I asked again in 2010, and his response was to cut me loose from my contract.

A New Direction

In 2010, I self-published The Kinshield Legacy. I bought a new book cover, took a crash course in ebook formatting and uploaded to Amazon and Smashwords. The first month, I made ten sales, mostly from Smashwords. I think I had 2 sales on Amazon that month.

For the first nine months or so, I did all the usual promotional things — jumped on every new review blog to get reviews, did give-aways, tweeted and Facebooked, etc.

L: When did you see your sales increasing?

A few things happened:

– I put The Kinshield Legacy on sale for 99c on April 1. Sales started picking up.
– On April 8, it was featured on Pixel of Ink. Sales went from 4-5 per day to 15-25 per day.
– Game of Thrones aired on HBO on April 17. (My book isn’t that similar, but it’s in the same genre.) Sales went from 15-25 per day to 25-40 per day.
– On May 7, it was featured on Ereader News Today. Sales went from 25-40 per day to 50-70 per day.

The Kinshield Legacy sold over 2000 copies in May, over 4600 in June, almost 6000 in July, 7700 for August… The sequel, The Wayfarer King, came out August 3, and it sold 6300 copies its first month! On August 24, I reached my 25,000-sales milestone (across all books, all venues). On September 9, I hit 40,000, and by the end of September, I’d sold over 50,000 books.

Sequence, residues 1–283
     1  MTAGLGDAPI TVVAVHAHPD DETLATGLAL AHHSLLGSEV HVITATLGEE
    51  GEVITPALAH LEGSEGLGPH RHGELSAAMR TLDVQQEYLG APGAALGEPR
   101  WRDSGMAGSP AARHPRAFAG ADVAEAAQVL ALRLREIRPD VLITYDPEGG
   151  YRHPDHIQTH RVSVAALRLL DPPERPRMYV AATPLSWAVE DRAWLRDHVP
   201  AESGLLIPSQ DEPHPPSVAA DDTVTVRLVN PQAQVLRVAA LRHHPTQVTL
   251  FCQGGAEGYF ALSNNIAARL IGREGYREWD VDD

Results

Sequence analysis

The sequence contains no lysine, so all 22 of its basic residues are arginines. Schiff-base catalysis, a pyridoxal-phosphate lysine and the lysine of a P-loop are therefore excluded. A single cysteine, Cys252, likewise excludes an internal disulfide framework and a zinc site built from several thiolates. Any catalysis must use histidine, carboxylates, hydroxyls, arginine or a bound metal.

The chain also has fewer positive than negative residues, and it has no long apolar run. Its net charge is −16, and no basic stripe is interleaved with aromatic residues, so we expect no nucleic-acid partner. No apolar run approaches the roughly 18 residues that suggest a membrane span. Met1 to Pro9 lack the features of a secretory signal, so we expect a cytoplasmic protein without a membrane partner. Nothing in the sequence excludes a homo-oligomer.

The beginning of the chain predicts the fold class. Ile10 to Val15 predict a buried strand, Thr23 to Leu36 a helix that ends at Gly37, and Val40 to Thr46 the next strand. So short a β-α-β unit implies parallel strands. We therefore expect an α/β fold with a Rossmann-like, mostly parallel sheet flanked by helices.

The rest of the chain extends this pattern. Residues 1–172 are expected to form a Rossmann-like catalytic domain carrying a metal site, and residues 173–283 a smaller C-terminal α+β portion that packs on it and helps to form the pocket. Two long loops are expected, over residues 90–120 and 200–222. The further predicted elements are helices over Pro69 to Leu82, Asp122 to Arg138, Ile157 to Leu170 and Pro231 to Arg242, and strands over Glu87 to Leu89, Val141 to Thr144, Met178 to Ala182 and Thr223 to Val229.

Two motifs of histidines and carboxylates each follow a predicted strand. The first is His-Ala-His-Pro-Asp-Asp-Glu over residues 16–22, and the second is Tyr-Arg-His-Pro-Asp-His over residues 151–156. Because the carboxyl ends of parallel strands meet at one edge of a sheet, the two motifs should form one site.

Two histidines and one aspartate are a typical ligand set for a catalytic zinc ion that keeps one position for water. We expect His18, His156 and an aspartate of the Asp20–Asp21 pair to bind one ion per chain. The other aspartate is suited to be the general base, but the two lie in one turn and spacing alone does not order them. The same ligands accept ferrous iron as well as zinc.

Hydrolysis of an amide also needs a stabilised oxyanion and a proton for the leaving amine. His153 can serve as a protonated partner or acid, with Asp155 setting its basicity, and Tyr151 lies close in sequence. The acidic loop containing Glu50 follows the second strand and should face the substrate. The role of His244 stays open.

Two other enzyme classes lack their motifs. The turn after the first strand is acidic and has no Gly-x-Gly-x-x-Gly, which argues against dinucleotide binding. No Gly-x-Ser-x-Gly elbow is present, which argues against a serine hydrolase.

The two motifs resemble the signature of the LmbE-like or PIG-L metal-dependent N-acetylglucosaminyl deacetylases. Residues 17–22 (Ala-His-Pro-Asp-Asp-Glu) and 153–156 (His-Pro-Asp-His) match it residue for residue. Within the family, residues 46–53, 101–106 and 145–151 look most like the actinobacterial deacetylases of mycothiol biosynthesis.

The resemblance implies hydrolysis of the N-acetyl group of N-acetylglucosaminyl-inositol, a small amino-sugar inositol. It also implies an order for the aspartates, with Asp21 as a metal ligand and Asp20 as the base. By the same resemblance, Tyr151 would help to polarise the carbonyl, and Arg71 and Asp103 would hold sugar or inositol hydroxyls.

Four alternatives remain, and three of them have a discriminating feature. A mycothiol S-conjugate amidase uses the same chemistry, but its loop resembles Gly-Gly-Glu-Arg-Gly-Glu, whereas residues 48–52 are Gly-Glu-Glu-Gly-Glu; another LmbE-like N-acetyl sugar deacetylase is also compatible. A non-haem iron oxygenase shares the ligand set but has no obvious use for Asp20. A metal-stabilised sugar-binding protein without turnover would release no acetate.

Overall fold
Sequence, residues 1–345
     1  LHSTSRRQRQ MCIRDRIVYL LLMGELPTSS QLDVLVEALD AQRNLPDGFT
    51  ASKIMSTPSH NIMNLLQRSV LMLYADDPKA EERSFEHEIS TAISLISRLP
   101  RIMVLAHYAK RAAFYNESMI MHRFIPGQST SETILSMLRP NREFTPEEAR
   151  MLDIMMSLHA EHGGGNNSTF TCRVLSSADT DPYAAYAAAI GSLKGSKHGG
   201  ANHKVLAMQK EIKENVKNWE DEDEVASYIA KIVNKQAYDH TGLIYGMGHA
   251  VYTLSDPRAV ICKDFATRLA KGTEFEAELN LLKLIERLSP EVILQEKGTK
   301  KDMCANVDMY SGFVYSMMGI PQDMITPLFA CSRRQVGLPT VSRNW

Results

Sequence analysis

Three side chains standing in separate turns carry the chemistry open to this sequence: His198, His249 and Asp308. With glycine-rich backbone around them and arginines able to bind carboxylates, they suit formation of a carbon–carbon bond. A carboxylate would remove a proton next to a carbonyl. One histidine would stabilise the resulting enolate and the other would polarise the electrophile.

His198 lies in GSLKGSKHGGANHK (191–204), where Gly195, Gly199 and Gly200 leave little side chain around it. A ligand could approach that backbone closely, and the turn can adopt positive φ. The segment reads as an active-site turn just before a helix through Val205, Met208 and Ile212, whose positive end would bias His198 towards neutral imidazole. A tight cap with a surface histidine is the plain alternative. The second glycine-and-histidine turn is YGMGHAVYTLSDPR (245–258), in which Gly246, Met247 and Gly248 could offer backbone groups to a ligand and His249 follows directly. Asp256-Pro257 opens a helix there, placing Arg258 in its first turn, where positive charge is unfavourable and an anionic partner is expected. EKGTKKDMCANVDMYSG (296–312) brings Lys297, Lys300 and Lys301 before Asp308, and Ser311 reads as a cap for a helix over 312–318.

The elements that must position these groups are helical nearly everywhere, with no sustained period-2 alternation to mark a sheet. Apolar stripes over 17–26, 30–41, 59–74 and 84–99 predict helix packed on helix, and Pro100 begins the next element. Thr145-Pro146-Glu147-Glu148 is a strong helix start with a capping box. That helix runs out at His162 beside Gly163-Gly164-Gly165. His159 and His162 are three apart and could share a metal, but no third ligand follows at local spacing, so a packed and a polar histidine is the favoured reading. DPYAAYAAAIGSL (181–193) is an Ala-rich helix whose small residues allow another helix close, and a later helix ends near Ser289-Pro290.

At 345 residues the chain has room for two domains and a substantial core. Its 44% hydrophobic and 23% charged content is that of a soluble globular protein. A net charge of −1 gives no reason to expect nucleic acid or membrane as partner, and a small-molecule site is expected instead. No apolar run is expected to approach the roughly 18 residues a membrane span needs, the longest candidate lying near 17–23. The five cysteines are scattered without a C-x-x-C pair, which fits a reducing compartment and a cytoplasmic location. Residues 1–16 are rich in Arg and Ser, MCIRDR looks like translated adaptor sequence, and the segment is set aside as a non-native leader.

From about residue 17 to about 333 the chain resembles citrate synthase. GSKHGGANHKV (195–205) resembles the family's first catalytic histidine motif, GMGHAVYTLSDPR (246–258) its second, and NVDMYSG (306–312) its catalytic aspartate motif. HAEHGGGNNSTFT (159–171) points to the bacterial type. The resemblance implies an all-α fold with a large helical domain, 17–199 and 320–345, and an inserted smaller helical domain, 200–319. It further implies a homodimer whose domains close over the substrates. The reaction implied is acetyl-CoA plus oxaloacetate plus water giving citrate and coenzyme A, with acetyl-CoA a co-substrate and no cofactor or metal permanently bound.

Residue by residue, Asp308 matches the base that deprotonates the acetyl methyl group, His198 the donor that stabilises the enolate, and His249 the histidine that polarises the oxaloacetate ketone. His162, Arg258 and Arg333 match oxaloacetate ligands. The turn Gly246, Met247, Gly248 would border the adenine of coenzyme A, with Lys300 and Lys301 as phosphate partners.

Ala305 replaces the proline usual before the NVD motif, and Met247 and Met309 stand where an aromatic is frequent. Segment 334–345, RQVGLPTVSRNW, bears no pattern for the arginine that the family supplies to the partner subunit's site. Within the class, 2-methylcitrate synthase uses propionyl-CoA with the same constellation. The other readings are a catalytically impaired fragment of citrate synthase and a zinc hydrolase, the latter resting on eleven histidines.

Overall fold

The Snowball Effect of Word of Mouth

Once Amazon starts to recommend your books, an enjoyable story professionally presented can enjoy months and months of excellent sales while the writer develops a loyal readership. And that’s really what we’re after, right?

When I first got the rights back for The Kinshield Legacy, I initially thought I would shop it around to another publisher, but I’d heard that Amazon offered a way for authors to upload their books to sell on Amazon.

“They” say that most self-published books sell about 100 copies in their lifetime. I sold more in the first three months than the original publisher had sold in the five years he had the rights. Ironically, his other titles are now in Kindle format. I like to think I was a lesson to him. 🙂

L: What happened then?

cover of Venom of VipersWhen I finished my second book in November 2010, The Venom of Vipers, I did query my agent, just in case he wanted to try selling it to a traditional publisher. When two weeks went by without a response, I proceeded with my plan to self-publish it. By then, I knew that self-publishing was for me.

The day-by-day feedback on book sales is so much better than the quarterly reports my publisher *cough* sent (or didn’t send, as the case may be). I knew which days of the week were the biggest sales days and could focus my marketing to take advantage. One thing I learned since self-publishing my first book: spreadsheets are my friends.

L: What advice would you give new writers thinking self-publishing may be the way to go?

Decide what your goals are and hang out on forums where self-published writers go, such as the Writers’ Cafe at the Kindleboards. I learned a lot by reading the trials and tribulations of others with the same goals. There’s a lot of work involved, and it’s not for everyone. Reclusive writers may not want to self-publish when they find out how much interaction they need to engage in to get word out about their book. Writers who aren’t very computer savvy might be intimidated by the effort in formatting, uploading and managing their books online.

If you have an entrepreneurial spirit and don’t mind the expense and hassle of self-publishing, it can be extremely rewarding!